No doubt most, if not all, have at one time or another viewed photos of London, England, or other cities across the United Kingdom, and couldn't help but notice all those double-decker buses darting along their roads and highways. But perhaps the most familiar model double-decker bus of recent times were the famous red-colored London Routemaster buses. The Routemasters were very popular with Londoners and tourists alike, and had become one of the most famous icons of London. After 49 years, the last of the London Routemaster double-deckers were retired from regular service in December of 2005, but were replaced by another fleet of red double-decker buses.

Although still quite popular in a number of cities across Great Britain, Ireland, Germany, and even in Hong Kong, the use of double-deckers here in North America has been quite limited. However, many might be surprised to learn that at one time double-decker buses actually operated along the streets of Detroit.

In 1920, the Detroit Motorbus Co. became the first local bus company to operate double-deck buses along the streets of
Detroit.  DMB operated various makes of these double-decker buses on streets such as East Jefferson, Cass, John R.,
Second Blvd. and Dexter.
(Photo sources: DSR Files / WSU)  
The first double-decker buses to operate along the streets of Detroit were operated by the former Detroit Motorbus Co. (DMB) — the privately-owned bus company that operated within the city from 1920 through 1932. The double-deckers first began operating on the company's flagship line, E. Jefferson, but soon saw service on many of their other lines, as the DMB began expanding their routes outward into farther parts of the city. The company's Cass Avenue–Second Blvd, John R. St.–Grand Blvd, and the heavy Dexter Blvd–Cass lines were all assigned double-decker buses.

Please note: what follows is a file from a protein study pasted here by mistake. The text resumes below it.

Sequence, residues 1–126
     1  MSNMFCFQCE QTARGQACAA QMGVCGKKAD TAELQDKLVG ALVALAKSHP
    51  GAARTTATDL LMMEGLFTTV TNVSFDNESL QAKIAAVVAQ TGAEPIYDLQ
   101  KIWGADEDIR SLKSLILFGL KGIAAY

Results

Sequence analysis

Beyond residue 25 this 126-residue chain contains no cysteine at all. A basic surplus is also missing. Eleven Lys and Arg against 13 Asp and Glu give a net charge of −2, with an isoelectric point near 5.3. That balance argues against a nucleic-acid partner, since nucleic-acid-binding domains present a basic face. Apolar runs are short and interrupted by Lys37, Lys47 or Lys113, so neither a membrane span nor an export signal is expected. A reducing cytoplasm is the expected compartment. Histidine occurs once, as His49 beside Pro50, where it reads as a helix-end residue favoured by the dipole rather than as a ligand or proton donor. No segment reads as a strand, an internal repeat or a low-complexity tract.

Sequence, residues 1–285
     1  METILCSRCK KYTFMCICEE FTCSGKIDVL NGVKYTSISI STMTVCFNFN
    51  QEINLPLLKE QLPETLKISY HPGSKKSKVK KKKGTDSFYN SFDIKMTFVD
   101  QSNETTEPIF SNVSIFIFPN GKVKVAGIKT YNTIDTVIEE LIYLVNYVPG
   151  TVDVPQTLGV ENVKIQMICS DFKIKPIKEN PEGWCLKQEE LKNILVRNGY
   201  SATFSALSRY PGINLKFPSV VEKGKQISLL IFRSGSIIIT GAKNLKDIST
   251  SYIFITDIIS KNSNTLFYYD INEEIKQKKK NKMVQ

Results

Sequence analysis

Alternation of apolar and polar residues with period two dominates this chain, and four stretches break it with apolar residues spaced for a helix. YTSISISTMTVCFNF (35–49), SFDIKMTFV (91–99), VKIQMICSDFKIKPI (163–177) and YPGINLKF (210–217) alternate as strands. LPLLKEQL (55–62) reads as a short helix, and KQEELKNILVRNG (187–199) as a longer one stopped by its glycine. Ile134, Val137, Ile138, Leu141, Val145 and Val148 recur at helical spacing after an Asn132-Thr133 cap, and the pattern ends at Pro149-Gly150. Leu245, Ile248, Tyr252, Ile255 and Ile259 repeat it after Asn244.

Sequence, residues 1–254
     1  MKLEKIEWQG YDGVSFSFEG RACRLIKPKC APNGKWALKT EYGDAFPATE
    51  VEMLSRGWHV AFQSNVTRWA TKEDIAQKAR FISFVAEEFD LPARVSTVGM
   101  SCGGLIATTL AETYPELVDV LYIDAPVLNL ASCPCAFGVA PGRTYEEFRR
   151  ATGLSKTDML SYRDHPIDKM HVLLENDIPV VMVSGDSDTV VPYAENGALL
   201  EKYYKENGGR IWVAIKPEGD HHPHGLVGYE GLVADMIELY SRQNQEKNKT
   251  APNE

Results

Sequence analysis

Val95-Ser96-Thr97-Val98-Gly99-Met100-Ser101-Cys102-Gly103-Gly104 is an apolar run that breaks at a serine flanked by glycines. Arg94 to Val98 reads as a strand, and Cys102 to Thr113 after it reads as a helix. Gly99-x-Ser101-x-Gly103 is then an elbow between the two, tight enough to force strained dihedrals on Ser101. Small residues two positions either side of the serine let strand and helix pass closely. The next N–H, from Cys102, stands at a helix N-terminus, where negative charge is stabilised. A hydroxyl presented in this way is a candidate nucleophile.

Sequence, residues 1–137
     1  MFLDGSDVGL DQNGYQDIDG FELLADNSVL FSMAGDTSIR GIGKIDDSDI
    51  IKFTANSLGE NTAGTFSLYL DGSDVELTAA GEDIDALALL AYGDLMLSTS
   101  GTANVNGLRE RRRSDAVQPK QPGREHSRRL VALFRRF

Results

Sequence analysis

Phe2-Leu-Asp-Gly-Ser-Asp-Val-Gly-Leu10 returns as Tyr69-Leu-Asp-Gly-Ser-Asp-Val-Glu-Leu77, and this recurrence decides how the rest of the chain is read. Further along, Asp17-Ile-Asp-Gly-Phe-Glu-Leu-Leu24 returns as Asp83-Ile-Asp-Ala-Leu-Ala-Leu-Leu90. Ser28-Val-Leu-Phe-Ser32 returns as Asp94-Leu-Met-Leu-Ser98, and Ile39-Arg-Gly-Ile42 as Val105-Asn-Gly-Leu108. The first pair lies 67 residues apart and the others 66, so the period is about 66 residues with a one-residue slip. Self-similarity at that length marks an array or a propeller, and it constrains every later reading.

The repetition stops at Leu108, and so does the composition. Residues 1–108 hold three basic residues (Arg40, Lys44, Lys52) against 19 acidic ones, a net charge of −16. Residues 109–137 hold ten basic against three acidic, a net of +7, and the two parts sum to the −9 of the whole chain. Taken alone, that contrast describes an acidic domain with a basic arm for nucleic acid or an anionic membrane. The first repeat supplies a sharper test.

The first fleet of DMB double-decker coaches were built by the Fifth Avenue Coach Company, and originally came with open-top upper decks. Eventually, they were later semi-enclosed with new tops, with a canvas covering added during the winter. Additional fleets of double-deckers were later purchased from Yellow Coach and the Six-Wheel Company.

This ACF built DSR double-decker (#547) was
suppose to be heading to the Ford Highland Park
plant on Woodward and Manchester, while working
the heavy John R. line.  Unfortunately, it seems to
have encountered a slight problem in the vicinity of
Eight Mile and Oakland, by winding up in a ditch
along E. Eight Mile Road.
(photo courtesy of the S. Sycko Collection)
Needless to say, the coach suffered upper deck damage and was soon reduced to a single-decker. However, this redesigned coach would evidently serve as the model for the others. Due to poor design and construction, the ACF fleet began to encounter problems, ranging from cracked upper deck windows to broken body posts. Consequently, the DSR had to invest $12,050 to redesign the remainder of the fleet. Between Feb. 18, 1929 and Oct. 1, 1930, the upper decks were removed from the entire ACF fleet, resulting in a fleet of fifty 31-passenger single-deck coaches. The last of the ACF converted single-decker buses would continue on in service until 1937.